Class
Discussion & Presentations

One of the best
ways to
deeply understand a topic is to discuss the topic with others.
Therefore, everyone is expected to actively participate in the
classroom discussions. You may use your paper
reviews as the basis for
discussion, but please do not feel a need to limit your comments to
what you wrote in your evaluations. I encourage everyone to ask
questions about or offer clarifications for confusing parts of the
papers, and to think about the limitations of or possible extensions to
the work being discussed.

Each person should sign up to be a presenter on one paper, taking both the role of an advocate and a skeptic. Your presentation should be no less than 10 mins and no more than 20 mins (The sign up sheet will be available on the bulletin board near ACES 5.120 and you must sign up by 9/3). You must send me your presentation (either ppt, pdf, or keynote) by 11:59PM the day before your presentation.

The advocate gives the elevator pitch for the paper: what is the topic of the paper, what are its main results, why the system or idea is an improvement upon the previous works (if any), why does the result matter, and so on. The answers to these questions may be different from the ones the authors gave in the paper.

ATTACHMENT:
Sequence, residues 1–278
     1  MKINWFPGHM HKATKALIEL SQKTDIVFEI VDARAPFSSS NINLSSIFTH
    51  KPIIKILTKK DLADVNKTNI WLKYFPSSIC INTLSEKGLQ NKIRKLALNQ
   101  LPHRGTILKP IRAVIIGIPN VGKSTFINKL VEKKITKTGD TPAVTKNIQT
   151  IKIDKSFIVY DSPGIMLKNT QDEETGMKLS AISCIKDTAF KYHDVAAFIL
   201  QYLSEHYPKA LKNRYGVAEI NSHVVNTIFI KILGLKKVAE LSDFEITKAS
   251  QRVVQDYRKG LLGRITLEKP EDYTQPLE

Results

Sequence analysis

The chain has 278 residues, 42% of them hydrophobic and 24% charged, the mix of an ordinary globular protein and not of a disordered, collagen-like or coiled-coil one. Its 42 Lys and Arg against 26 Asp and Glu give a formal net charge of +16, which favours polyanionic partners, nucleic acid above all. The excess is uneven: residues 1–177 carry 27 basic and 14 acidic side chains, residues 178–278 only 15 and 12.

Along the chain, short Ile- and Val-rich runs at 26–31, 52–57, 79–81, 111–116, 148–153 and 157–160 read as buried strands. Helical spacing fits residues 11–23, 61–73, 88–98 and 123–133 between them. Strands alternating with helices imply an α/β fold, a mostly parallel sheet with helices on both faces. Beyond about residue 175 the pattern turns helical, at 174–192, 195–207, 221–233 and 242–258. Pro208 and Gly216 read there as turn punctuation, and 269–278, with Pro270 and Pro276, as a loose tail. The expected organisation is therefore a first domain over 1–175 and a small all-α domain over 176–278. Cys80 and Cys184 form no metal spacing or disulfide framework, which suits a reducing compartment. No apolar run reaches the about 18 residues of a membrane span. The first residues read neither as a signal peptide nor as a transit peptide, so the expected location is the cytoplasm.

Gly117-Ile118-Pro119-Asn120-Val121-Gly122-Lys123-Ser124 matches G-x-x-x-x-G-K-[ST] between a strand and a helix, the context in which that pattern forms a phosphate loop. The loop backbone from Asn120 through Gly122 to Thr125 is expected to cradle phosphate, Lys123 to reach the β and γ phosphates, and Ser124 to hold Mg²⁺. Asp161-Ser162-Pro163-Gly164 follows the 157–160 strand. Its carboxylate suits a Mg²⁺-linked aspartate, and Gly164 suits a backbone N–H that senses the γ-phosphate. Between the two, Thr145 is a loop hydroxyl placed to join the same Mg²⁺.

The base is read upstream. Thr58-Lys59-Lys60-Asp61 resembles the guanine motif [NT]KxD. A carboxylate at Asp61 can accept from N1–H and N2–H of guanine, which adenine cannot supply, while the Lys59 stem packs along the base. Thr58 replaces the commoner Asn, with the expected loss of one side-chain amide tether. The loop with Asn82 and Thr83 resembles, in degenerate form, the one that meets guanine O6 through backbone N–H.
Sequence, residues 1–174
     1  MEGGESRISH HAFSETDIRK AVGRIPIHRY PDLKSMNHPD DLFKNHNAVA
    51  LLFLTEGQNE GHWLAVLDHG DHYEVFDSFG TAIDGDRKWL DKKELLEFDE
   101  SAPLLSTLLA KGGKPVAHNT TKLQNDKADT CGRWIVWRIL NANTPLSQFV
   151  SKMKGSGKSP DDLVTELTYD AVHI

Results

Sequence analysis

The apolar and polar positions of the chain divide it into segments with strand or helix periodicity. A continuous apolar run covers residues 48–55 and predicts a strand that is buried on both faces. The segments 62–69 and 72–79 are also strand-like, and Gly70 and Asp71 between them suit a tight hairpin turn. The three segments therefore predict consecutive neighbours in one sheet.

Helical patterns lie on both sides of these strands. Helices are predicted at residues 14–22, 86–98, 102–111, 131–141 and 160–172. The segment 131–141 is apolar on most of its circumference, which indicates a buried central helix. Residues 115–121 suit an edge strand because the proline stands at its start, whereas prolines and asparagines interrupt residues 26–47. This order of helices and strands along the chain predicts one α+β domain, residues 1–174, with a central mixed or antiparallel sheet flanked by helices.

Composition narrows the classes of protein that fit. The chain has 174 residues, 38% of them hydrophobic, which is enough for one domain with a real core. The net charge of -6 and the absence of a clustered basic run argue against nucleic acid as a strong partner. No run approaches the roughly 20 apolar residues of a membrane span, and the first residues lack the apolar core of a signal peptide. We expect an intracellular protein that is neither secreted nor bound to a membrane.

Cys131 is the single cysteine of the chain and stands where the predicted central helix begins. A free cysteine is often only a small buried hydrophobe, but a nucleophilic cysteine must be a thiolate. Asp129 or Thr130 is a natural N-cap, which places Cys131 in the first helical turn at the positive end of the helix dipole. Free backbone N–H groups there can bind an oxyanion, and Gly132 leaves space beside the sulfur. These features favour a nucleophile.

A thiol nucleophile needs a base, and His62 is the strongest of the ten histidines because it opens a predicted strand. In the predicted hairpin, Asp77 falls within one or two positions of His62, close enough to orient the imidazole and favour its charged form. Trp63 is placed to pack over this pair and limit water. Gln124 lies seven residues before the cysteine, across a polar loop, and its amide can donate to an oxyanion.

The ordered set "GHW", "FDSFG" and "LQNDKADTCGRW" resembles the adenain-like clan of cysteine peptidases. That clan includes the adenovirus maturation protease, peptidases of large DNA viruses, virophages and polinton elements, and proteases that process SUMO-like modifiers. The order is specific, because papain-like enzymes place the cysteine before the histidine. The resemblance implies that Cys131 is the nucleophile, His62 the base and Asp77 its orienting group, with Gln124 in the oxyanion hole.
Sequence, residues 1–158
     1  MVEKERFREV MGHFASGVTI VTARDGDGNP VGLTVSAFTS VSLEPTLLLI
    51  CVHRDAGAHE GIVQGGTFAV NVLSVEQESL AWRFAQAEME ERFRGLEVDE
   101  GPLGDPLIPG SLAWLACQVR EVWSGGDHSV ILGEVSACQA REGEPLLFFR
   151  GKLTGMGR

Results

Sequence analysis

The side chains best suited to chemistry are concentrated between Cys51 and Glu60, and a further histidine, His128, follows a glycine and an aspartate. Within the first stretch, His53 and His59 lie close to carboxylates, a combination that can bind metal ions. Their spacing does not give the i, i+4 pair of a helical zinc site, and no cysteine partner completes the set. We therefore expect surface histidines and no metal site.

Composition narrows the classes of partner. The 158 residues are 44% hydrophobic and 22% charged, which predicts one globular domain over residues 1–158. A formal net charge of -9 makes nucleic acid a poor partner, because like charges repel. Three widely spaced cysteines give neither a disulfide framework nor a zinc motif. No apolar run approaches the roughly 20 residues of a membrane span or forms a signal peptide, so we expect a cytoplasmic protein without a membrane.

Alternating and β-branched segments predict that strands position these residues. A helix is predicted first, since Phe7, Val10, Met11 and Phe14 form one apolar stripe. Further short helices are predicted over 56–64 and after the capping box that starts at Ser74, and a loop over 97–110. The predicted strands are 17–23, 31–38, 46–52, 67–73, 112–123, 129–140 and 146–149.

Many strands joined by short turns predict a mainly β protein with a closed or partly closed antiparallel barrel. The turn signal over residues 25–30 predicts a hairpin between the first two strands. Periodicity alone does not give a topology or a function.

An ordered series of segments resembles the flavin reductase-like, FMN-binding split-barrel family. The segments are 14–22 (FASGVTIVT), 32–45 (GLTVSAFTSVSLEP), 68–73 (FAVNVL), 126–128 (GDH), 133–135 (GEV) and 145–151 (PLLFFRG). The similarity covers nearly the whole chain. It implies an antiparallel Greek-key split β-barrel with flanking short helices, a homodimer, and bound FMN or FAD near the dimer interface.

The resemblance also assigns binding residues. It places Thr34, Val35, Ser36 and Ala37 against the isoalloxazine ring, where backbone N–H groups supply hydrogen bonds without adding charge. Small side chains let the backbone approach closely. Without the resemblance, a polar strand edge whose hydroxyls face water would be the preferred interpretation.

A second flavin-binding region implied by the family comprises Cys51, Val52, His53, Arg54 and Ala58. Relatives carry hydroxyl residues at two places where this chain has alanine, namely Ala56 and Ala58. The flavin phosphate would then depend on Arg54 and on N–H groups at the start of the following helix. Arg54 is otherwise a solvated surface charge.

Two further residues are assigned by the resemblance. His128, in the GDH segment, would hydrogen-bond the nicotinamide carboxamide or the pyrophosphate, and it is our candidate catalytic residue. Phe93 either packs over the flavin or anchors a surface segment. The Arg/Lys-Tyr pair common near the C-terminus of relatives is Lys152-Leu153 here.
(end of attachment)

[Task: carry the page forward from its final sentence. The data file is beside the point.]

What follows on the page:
Each person should sign up to be a presenter on one paper, taking both the role of an advocate and a skeptic. Your presentation should be no less than 10 mins and no more than 20 mins (The sign up sheet will be available on the bulletin board near ACES 5.120 and you must sign up by 9/3). You must send me your presentation (either ppt, pdf, or keynote) by 11:59PM the day before your presentation.

The advocate gives the elevator pitch for the paper: what is the topic of the paper, what are its main results, why the system or idea is an improvement upon the previous works (if any), why does the result matter, and so on. The answers to these questions may be different from the ones the authors gave in the paper.

The skeptic should discuss why we should be cautious in interpreting the results of the paper. The skeptic should also suggest additional research directions that could build upon, improve, or otherwise augment the paper under discussion.